In wristwatches presently on the market, the shape of the back cover is determined taking into consideration the strength, design, thickness and the like and the object of this invention is never considered. In the case of a thin back cover, it is generally easy to control the increase of the natural frequency by thickening the back cover. Where a thick back cover is used such as in a water resistant watch, the natural frequency of the watch can be as high as about 10 kHz. To put this invention into practical use, the natural frequency must be decreased. Accordingly, alternative methods of decreasing the natural frequency of the back cover are explained hereinafter.

In general, the natural frequency of the case back is proportional to the thickness of the case back and is inversely proportional to the square of the radius (area) of the case back. Accordingly, if the outer diameter of the case back is determined, the thickness of the case back can be selected so that the natural frequency is between 5.5 kHz and 7.0 kHz. It is noted, however, that this calculated thickness is not precise since the shape of the case back and the coupling of the case back to the watch case will alter this calculated value slightly.

With reference to FIG. 8, a method of decreasing the natural resonance frequency of a case back 12 is depicted. In case back 12 which includes a threaded portion 12a for screwing onto the watch case of a wristwatch, the piezoelectric element 11 is centrally attached to back cover 12. A circular groove 13 which surrounds piezoelectric element 11 is formed into case back 12. The natural frequency of the case back can be decreased by suitably selecting the width and depth of groove 13.

FIG. 9 graphically depicts the relation between the depth of the groove 13 and the sound pressure level or volume. The axis of the abscissa represents the ratio of the thickness of the case back 12 to the depth of groove 13, and the axis of the ordinate represents the natural frequency of the case back. The general thickness of the case back used in determining the graph of FIG. 9 is 0.8 mm. Where groove 13 has a width of more than 1 mm, the tendency depicted in FIG. 9 does not change. By examining FIG. 9 it is found that with respect to groove 13 having a width greater than 1 mm, the natural frequency of the back cover can be remarkably decreased by providing a depth for the groove which is more than one fourth of the thickness of the case back.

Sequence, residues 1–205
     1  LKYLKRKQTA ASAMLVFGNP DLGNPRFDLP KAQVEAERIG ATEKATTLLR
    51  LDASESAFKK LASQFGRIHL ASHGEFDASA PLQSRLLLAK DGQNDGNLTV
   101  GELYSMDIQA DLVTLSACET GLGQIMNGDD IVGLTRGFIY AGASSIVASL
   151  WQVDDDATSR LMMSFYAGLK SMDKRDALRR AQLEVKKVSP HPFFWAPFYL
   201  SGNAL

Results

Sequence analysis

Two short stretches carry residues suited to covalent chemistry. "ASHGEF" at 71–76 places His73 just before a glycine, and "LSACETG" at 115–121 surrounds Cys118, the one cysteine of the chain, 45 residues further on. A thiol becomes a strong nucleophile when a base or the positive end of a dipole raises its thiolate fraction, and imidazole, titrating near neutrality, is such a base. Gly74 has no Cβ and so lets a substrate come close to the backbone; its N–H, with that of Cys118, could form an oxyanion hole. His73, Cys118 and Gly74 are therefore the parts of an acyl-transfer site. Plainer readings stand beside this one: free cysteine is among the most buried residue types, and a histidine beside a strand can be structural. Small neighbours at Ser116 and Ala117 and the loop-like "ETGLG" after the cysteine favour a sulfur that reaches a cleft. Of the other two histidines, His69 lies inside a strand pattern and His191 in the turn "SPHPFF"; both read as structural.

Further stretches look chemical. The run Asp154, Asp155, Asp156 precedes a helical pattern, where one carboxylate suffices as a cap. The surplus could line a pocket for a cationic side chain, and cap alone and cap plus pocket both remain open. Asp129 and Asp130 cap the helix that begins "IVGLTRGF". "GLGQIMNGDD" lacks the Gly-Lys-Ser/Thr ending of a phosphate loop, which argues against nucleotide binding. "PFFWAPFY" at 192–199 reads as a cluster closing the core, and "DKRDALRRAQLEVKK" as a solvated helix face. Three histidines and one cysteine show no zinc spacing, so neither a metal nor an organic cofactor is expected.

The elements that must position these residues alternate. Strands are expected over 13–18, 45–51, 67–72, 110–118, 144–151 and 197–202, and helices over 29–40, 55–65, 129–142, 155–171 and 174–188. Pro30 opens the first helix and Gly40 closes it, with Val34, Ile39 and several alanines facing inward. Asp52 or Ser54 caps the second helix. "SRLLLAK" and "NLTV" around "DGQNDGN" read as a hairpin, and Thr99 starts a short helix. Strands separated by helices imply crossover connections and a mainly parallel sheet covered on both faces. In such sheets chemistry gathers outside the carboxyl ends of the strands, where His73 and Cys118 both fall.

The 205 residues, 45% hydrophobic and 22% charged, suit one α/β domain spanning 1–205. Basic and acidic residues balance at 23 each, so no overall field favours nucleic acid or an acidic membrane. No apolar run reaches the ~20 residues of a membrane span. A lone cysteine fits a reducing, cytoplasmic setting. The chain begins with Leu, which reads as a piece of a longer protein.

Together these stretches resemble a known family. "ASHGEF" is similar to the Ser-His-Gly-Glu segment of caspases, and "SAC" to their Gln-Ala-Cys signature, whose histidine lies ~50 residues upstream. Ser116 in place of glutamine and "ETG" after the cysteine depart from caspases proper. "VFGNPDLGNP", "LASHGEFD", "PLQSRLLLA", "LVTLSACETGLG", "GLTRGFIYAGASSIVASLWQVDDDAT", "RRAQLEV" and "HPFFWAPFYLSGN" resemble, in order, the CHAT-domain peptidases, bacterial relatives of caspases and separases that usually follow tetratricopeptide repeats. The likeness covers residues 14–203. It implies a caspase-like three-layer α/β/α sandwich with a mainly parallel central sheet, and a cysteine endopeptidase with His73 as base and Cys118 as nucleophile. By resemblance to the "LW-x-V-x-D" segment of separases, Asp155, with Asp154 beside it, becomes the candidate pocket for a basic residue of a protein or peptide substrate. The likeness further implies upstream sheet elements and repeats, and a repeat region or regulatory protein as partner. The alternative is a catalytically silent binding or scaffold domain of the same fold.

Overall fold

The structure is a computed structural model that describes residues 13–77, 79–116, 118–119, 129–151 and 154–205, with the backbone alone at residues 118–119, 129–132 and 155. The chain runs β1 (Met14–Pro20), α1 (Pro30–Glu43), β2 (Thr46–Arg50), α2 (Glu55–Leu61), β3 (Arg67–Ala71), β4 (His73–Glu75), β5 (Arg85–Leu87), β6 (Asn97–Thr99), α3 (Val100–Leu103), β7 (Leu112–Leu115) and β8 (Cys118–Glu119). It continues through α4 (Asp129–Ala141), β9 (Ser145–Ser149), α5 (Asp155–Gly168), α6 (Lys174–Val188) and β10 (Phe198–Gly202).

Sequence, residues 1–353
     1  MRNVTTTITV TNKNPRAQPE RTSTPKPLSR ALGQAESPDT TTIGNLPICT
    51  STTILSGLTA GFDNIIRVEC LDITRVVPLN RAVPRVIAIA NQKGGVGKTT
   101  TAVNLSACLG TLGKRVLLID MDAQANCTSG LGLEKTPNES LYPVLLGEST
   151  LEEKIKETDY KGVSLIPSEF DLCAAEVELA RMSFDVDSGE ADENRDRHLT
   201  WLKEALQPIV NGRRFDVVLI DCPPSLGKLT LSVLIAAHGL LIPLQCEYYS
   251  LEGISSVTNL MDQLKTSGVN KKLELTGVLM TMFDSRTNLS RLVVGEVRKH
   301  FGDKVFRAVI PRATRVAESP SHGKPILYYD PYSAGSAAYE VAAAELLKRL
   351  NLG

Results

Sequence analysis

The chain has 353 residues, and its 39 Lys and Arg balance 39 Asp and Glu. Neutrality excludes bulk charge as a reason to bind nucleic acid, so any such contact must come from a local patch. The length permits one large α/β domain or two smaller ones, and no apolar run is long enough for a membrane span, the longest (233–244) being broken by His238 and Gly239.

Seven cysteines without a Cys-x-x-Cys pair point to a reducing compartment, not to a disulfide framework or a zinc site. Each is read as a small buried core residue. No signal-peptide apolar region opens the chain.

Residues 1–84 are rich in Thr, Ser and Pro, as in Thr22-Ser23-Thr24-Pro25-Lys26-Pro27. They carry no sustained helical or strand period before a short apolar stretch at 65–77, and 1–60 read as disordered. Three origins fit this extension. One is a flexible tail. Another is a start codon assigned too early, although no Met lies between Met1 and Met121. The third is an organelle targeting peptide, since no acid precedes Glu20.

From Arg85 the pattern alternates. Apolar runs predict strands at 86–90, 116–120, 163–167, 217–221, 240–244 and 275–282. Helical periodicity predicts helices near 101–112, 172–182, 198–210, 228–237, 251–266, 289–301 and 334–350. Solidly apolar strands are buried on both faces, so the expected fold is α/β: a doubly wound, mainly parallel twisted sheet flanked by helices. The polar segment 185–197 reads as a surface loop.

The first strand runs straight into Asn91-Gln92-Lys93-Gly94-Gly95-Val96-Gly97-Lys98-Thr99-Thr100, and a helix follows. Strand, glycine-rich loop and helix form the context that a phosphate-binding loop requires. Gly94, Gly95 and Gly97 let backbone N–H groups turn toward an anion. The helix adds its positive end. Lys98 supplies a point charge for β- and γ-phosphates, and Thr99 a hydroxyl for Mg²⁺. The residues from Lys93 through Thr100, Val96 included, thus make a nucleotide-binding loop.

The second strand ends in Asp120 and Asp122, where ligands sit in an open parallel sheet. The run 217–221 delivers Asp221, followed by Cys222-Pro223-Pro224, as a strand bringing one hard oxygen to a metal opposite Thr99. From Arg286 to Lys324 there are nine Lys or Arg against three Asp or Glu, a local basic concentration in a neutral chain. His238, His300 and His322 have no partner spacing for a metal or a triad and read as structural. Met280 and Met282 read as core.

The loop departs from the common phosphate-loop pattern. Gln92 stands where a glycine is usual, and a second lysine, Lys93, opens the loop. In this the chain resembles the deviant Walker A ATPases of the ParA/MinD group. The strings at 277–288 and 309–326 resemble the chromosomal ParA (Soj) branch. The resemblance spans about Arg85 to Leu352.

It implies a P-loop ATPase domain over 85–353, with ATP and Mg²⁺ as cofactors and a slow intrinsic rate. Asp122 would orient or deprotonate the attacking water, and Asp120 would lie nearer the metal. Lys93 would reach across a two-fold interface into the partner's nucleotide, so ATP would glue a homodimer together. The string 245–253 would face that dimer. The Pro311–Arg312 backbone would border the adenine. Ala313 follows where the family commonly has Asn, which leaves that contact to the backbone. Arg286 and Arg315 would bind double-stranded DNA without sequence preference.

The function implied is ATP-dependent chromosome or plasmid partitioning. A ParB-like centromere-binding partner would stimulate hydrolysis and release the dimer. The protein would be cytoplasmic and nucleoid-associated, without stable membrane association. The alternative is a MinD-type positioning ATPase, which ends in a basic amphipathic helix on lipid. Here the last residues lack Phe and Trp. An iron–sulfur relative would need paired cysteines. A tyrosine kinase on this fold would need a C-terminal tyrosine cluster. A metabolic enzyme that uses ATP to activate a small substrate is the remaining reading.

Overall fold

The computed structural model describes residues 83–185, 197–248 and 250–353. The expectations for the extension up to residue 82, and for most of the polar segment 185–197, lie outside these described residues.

Referring now to FIG. 10 an alternative embodiment of a rectangular-shaped case back 15 having a piezoelectric element 16 attached to a central portion thereof, is depicted. Triangular grooves 17 are cut into each of the four corners of case back 15. In FIG. 10, the depth of each of the grooves is more than one fourth of that of case back 15.

According to the instant invention, a piezoelectric buzzer in which a person does not sense the difference of the sound pressure level or volume between when a watch is worn and when it is not worn is offered by setting the natural frequency of the case back to be between 5.5 kHz and 7 kHz. The buzzer is simply constructed so that the case back of the watch case of the wristwatch serves as the vibrating plate. Accordingly, by constructing the piezoelectric buzzer of the wristwatch in the manner described, a substantial advance in the art is presented.

It will thus be seen that the objects set forth above, among those made apparent from the preceding description, are efficiently attained and, since certain changes may be made in the above construction without departing from the spirit and scope of the invention, it is intended that all matter contained in the above description or shown in the accompanying drawings shall be interpreted as illustrative and not in a limiting sense.

It is also to be understood that the following claims are intended to cover all of the generic and specific features of the invention herein described and all statements of the scope of the invention which, as a matter of language, might be said to fall therebetween.

Patent Citations
Cited PatentFiling datePublication dateApplicantTitle
US3788060 *Nov 22, 1972Jan 29, 1974Kawamura YWatch with an electronic buzzer
US3940919 *Oct 2, 1974Mar 2, 1976Citizen Watch Co., Ltd.Electronic wristwatch with electronic sound emitter device
US3943388 *Jun 27, 1974Mar 9, 1976Fred M. Dellorfano, Jr.Electroacoustic transducer of the flexural vibrating diaphragm type
Referenced by
Citing PatentFiling datePublication dateApplicantTitle
US4926159 *Jul 15, 1988May 15, 1990Detex CorporationApparatus and method for the generation of directionally perceptible sound
US5666331 *Sep 20, 1994Sep 9, 1997Rhk Technology, Inc.Alarm clock
US5847648 *Nov 25, 1996Dec 8, 1998Douglas R. SavorAlarm and intermittent alert system for vehicle operation
US5990797 *Mar 4, 1997Nov 23, 1999Bkk Brands, Inc.Ultraloud smoke detector
US6020819 *Feb 12, 1998Feb 1, 2000Kubota CorporationRadio wave receiving signaling device
Classifications
U.S. Classification368/255, 968/970, 368/72, 968/602
International ClassificationG04G13/02, G04C21/34
Cooperative ClassificationG04C21/34, G04G13/021
European ClassificationG04C21/34, G04G13/02A